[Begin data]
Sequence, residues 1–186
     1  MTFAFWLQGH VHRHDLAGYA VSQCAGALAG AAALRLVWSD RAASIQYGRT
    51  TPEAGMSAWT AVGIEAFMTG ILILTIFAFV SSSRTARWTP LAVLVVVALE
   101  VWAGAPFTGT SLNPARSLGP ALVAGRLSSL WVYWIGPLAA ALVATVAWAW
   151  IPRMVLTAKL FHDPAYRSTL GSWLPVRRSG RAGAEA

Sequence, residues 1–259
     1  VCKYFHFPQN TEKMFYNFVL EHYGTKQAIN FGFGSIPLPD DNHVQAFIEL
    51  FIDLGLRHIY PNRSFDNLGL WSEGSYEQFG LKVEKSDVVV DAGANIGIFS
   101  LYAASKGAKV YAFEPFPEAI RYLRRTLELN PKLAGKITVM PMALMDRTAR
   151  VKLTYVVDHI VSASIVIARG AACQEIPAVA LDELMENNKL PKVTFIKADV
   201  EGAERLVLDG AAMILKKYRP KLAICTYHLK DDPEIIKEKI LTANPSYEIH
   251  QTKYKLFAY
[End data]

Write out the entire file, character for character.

Sequence, residues 1–186
     1  MTFAFWLQGH VHRHDLAGYA VSQCAGALAG AAALRLVWSD RAASIQYGRT
    51  TPEAGMSAWT AVGIEAFMTG ILILTIFAFV SSSRTARWTP LAVLVVVALE
   101  VWAGAPFTGT SLNPARSLGP ALVAGRLSSL WVYWIGPLAA ALVATVAWAW
   151  IPRMVLTAKL FHDPAYRSTL GSWLPVRRSG RAGAEA

Sequence, residues 1–259
     1  VCKYFHFPQN TEKMFYNFVL EHYGTKQAIN FGFGSIPLPD DNHVQAFIEL
    51  FIDLGLRHIY PNRSFDNLGL WSEGSYEQFG LKVEKSDVVV DAGANIGIFS
   101  LYAASKGAKV YAFEPFPEAI RYLRRTLELN PKLAGKITVM PMALMDRTAR
   151  VKLTYVVDHI VSASIVIARG AACQEIPAVA LDELMENNKL PKVTFIKADV
   201  EGAERLVLDG AAMILKKYRP KLAICTYHLK DDPEIIKEKI LTANPSYEIH
   251  QTKYKLFAY